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You would think that The Nobbies would be an excellent place to get

away from Joe Public, but even with a howling gale blasting in from

The Bass Strait, there is the eternal shrill whine of children whose decibel

level outperforms the crashing waves and predatory shearwaters. Once

placated by a cuddly toy penguin, however, the juveniles are generally

benign, unlike their adult counterparts who simply will not obey rangers’

instructions and whose attention span seems limited to one advance

by a single cohort of fairy bands of brothers before they have to stand up,

blocking others’ views and flashing away at the shy bird-life which is

trying to avoid the unwanted attention of a sea eagle, or a fox, but which

ends up mating under spotlights, beneath the boardwalks, to a perpetual

infantile commentary:

What are they doing?  Oh, look!  A threesome!

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Eudyptula minor is a cutie and its nightly parade reminded me of a

Mediterranean passeggiata, except that those on the fringes do not

usually get picked off – or do they?

The whole ambience recalls accounts of the fulmar-dependent,

indigeneous people of St Kilda.  No doubt the mutton-bird eating

Bunurong would have had heaps in common with the original

inhabitants of the Scottish archipelago, although the Bunurong

had not been planted on their terrain, but were the supplanted.

Mind you, the Koolin people sounds rather like the Cuillins, don’t

you think?

I’m ashamed to say that I didn’t savour a short-arsed shearwater,

or whatever the mutton-bird is.  I preferred the duck confit at Port

Phillip Winery, the previous day.

Those of you who have been questioning whether I have morphed

into a fully-formed Sheila yet, might be better employed rating my

surf babe status.  Forget The Husband.  The only thing he surfs is

the internet.  As for Rip Curl experiences, he is more into those of the

Rip van Winkle variety.  Or Lip Curl, when he comes across snippets of

his fame being promoted over this site.  (He can be as desultory as

that lone wallaby that hopped across the dusky beach last night,

silhouetted against a giant red full moon.)  Just trying to divert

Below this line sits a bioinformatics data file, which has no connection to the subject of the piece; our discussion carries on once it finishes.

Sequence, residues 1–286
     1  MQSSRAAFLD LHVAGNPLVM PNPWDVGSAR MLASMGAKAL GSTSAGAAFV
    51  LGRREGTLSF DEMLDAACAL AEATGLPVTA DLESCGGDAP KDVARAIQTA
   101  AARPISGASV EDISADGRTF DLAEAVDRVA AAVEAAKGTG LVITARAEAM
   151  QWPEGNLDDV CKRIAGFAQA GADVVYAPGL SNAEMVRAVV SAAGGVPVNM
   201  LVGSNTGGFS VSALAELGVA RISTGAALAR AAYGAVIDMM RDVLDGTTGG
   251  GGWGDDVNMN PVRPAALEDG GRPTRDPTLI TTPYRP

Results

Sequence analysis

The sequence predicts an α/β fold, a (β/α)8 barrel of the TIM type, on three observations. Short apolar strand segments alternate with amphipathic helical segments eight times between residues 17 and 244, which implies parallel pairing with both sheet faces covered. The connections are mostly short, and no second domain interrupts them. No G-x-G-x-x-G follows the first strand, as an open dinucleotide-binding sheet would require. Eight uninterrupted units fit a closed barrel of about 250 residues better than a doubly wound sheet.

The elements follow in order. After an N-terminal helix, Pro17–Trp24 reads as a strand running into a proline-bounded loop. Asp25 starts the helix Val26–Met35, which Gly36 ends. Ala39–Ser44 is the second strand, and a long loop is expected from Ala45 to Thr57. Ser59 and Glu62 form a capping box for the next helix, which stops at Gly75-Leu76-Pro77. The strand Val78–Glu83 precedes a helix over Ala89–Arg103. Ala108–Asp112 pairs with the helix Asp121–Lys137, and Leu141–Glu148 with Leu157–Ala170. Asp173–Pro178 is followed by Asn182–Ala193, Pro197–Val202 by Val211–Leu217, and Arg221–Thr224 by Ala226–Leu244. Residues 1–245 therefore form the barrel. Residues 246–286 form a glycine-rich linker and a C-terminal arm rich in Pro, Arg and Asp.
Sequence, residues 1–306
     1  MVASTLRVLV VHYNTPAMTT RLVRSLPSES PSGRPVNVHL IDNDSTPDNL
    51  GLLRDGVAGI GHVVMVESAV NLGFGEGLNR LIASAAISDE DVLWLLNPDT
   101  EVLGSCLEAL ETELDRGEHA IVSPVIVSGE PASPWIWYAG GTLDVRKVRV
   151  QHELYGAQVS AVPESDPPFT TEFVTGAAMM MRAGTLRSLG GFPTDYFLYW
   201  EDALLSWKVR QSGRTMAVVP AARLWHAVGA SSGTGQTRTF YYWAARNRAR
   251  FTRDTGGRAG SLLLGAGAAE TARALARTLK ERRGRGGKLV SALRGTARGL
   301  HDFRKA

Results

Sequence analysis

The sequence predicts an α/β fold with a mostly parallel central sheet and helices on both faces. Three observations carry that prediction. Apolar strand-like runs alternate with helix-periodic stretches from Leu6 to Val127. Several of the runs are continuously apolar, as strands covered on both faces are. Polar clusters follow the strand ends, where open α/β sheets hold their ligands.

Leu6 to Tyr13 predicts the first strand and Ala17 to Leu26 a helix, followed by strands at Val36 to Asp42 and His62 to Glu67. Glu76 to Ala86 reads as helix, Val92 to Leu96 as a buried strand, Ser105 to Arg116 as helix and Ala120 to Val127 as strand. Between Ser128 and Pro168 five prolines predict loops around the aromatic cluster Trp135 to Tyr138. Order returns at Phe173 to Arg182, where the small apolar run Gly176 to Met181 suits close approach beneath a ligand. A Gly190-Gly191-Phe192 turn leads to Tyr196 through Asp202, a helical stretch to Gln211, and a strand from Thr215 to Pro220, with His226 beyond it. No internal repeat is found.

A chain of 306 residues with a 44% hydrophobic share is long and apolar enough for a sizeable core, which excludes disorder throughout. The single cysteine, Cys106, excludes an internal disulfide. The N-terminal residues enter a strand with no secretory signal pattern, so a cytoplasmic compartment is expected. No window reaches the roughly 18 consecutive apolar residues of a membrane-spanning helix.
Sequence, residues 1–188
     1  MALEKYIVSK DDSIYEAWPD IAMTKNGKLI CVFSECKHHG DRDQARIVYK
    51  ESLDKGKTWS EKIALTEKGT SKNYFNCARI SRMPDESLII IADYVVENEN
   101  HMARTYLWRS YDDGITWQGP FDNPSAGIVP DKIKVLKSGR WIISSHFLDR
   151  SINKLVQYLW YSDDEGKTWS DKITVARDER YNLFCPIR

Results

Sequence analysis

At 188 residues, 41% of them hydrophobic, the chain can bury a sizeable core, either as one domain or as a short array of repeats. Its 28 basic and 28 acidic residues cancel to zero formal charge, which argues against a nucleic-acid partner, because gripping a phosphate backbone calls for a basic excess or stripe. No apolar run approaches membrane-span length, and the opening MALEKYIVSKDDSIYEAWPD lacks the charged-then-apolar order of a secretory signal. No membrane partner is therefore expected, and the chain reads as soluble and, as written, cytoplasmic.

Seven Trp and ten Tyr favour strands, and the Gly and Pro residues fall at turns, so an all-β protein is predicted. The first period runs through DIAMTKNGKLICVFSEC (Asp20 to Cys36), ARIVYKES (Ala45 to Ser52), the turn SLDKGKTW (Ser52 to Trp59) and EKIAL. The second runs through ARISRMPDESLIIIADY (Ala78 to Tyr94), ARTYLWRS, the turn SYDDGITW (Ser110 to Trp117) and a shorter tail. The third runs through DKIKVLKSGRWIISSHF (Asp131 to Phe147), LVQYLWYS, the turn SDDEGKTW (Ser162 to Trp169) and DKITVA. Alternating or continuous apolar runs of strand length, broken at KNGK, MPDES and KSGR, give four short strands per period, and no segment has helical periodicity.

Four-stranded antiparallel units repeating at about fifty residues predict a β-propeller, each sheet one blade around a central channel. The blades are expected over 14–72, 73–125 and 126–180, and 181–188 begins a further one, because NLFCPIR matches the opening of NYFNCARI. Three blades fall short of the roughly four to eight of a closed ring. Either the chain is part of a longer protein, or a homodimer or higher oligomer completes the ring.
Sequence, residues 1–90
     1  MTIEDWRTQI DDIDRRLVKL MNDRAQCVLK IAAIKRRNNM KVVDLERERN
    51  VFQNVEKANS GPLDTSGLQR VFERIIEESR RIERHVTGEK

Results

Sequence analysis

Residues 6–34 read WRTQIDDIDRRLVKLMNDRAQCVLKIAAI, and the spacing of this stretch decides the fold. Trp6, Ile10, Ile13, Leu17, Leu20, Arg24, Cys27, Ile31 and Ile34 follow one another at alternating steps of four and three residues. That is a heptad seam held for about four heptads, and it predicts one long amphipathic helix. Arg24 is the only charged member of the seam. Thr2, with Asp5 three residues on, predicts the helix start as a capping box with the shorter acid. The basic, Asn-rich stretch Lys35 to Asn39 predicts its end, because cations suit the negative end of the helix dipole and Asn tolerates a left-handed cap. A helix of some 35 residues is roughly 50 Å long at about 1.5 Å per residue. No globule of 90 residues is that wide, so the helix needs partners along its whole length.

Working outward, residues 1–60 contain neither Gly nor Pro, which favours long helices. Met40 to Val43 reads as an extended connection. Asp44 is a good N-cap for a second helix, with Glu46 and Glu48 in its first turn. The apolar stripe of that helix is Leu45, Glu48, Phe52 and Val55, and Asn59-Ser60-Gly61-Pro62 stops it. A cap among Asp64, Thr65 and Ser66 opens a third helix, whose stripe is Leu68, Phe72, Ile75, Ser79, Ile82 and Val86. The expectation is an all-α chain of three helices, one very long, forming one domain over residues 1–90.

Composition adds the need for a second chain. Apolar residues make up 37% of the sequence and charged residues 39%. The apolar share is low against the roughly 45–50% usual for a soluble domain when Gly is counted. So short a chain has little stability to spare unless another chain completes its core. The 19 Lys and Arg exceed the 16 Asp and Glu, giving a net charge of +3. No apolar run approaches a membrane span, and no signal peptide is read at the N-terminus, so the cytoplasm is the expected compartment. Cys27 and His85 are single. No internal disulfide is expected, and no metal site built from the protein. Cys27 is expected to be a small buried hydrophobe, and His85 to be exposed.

attention, I’d say.

We stayed over at Surf Beach in a house on stilts, all weather

boarding and corrugation.  The walls were decorated with a Howard

Hughes, Airey’s Inlet finned surfboard, bearing the endorsement:


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I felt like Loyd Grosman- remember the guy who used to traipse

through people’s houses trying to guess what kind of a person lived

therein?  He actually only got the job because someone mistakenly

thought he was a journalist.  I felt a bit of a fraud myself.  But now

that I’ve heard of stabmag.com, I feel that I have some beach cred.

I might even get The Husband some Board Shorts.  Apparently, Life

is better in them.  The guys in the adverts seem to prove the point.

Maybe I could tether one of these Adonises to my side with the

World’s Strongest Leash, a one piece leash technology.  Might just

keep The Husband from wandering off towards the wine aisle in

any supermarket.

Even the reading matter was connected to the ocean and Night

Surfing was the only novel on view.  The blurb confided that it was

about a wave that arcs so high it drops down the sun, stars and

moon from the sky and turns day to pitch.  Hannah is a drop-out

who wants to learn to walk on water and Jake has been a dustman,

or re-cycling engineer, from Liverpool, but he dreams of surfing the

night.  Presumably he has had a shower first.  He has demons of his

own.  Let’s hope that Hannah exorcises them.

Right, enough of those barbed comments, as prickly as the fins on the


I did enjoy leafing through Tracks: the Surfers’ Bible– the next best

thing to a Teahupo’o pizza delivery, apparently.

You see, I had never heard of grippin’ the lip; surfing in Namibia- I

thought it was all desert dunes.  I thought Roll out the Barrel was a

1940s song by Lew Brown and nothing to do with tides and waves.

Painting zebras on a wall sounded artistic to me, something like

decorative murals on a kindergarten reception hall.

Hoovering through the slob sounded like clearing up after the

kindergarten kids had gone home.  And I had never heard of

films such as Sojourn, a surf film about Sumatra, with David

Rastovich.  I really must have been up a gum tree!

Oh, wait a minute!  It’s hovering through the slob It’s all this

being on the road.  I’m turning into an ultimate gypsy like Creed

McTaggart.  That’s a different creed from the one I know back

home and which I can recite by heart on Sunday mornings.

Okay, so he’s known for his sunglasses and criticised for faux

surf celebrity; I’m known for my hats and…

I’m morphing into something.  It’s Travel.  It broadens the mind,

as well as the behind.